By Mortimer J.Adler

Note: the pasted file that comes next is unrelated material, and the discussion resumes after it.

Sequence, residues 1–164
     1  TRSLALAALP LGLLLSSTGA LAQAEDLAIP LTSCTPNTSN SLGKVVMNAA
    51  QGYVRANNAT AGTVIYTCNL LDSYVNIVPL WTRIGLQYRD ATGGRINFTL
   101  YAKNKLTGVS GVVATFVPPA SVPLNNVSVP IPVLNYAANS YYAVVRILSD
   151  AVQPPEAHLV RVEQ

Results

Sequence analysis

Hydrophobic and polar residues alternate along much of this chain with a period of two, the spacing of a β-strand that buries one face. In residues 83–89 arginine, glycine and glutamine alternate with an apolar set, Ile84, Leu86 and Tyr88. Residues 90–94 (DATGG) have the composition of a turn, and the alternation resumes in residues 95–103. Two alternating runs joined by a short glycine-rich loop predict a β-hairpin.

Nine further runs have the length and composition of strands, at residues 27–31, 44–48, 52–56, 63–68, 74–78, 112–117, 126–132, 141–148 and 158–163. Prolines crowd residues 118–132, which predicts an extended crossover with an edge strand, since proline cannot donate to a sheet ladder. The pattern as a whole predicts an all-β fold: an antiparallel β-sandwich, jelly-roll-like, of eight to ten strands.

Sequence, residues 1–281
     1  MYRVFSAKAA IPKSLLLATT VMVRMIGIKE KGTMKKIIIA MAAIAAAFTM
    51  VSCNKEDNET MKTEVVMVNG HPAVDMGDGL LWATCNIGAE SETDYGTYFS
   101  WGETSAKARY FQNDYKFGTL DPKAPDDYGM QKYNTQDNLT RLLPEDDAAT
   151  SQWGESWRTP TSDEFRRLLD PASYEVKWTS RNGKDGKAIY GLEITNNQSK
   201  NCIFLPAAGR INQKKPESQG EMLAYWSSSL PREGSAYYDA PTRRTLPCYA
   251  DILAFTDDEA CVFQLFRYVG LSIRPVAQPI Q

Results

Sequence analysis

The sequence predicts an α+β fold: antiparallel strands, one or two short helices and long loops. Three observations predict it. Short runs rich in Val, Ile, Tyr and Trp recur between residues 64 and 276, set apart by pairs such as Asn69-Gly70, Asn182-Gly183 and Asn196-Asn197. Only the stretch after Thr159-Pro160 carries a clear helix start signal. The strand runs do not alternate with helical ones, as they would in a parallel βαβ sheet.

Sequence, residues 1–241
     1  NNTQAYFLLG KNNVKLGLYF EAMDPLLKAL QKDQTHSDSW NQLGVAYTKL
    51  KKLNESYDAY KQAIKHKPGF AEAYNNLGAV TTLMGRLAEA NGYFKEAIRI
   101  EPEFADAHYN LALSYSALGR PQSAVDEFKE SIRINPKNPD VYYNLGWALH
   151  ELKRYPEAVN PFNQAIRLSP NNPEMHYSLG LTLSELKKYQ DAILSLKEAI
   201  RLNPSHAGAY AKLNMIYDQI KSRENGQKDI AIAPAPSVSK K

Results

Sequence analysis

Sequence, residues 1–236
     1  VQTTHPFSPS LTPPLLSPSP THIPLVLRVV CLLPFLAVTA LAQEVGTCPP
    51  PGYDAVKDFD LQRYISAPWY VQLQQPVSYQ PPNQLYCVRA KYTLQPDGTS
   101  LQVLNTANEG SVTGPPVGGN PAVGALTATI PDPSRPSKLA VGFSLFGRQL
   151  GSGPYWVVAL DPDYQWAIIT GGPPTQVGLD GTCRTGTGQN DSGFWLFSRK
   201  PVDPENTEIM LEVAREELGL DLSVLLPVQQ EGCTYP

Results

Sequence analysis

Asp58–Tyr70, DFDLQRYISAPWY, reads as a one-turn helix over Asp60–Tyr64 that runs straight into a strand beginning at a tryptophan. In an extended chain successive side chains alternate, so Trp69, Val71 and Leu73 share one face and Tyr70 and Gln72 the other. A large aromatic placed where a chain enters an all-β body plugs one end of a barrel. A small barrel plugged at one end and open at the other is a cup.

感谢大耳朵网友"louiskoo521"提供的听力原文 Writing Between the Lines    You know you have to read "between the lines" to get the most out of anything. I want to persuade you to do something equally important in the course of your reading. I want to persuade you to "write between the lines." Unless you do, you are not likely to do the most efficient kind of reading. I contend, quite bluntly, that marking up a book is not an act of mutilation but love. There are two ways in which you can own a book. The first is the property right you establish by paying for it, just as you pay for clothes, and furniture. But this act of purchase is only the prelude to possession. Full ownership comes only when you have made it a part of yourself, and the best way to make yourself a part of it is by writing in it. An illustration may make the point clear. You buy a beefsteak and transfer it from the butcher's icebox to your own. But you do not own the beefsteak in the most important sense until you consume it and get it into your bloodstream. I am arguing that books, too, must be absorbed in your bloodstream to do you any good. There are three kinds of book owners. The first has all the standard sets and best-sellers—unread, untouched. The second has a great many books—a few of them read through, most Of them as clean and shiny as the day they were bought. (This person would probably like to make books his own, but is restrained by a false respect for their physical appearance.) The third has a few books or many every one of them dogeared and dilapidated, shaken and loosened by continual use, marked and scribbled in from front to back. Is it false respect, you may ask, to preserve intact and unblemished a beautifully printed book, an elegantly bound edition? Of course not. I'd no more scribble all over a first edition of "Paradise Lost" than I'd give my baby a set of crayons and an original Rembrandt! I wouldn't mark up a painting or a statue. Its soul, so to speak, is inseparable from its body. And the beauty of a rare edition or of a richly manufactured volume is like that of a painting or a statue.    But the soul of a book can be separated from its body. A book is more like the score of a piece of music than it is like a painting. No great musician confuses a symphony with the printed sheet of music. If your respect for magnificent binding or typography gets in the way, buy yourself a cheap edition and pay your respects to the author. Why is marking up a book indispensable to reading? First, it keeps you awake. (And I don't mean merely conscious; I mean wide awake.) In the second place, reading, if it is active, is thinking, and thinking tends to express itself in words, spoken or written. That marked book is usually the thought-through book. Finally, writing helps you remember the thoughts you had, or the thoughts the author expressed. Let me develop these three points.    If reading is to accomplish anything more than passing time, it must be active. You can't let your eyes glide across the lines of a book and come up with an understanding of what you have read. Now an ordinary piece of light fiction, like, say, Gone with the Wind, doesn't require the most active kind of reading. The books you read for pleasure can be read in a state of relaxation, and nothing is lost. But a great book, rich in ideas and beauty, a book that raises and tries to answer great fundamental questions, demands the most active reading of which you are capable. If when you've finished reading a book,the pages are filled with your notes,you know that you have read actively. But,you may ask,why is writing necessary? Well,the physical act of writing,with your own hand,brings words and sentences more sharply before your mind and preserves them better in your memory.To set down your reaction to important words and sentences you have read, and the questions they have raised in your mind,is to preserve those reactions and sharpen those questions. Even if you wrote on a scratch pad,and threw the paper away when you had finished writing,your grasp of the book would be surer.But you don't have to throw the paper away .The margins (top and bottom,as well as side), the end papers,the very space between the lines,are all available. They aren't sacred.And ,best of all,your marks and notes become an integral part of the book and stay there forever. You can pick up the book the following week or year,and there are all your points of agreement,disagreement, doubt,and inquiry. It's like resuming an interrupted conversation with the advantage of being able to pick up where you left off. And that is exactly what reading a book should be: a conversation between you and the author. Presumably he knows more about the subject than you do;naturaly,you'll have the proper humility as you approach him. But don't let anybody tell you that a reader is supposed to be solely on the receiving end. Understanding is a two-way operation;learning doesn't consist in being an empty receptacle. The learner had to question himself and question the teacher.He even has to argue with the teacher,once he understands what the teacher is saying.And marking a book is literally an expression of your differences or agreements of opinion,with the author. By Mortimer J.Adler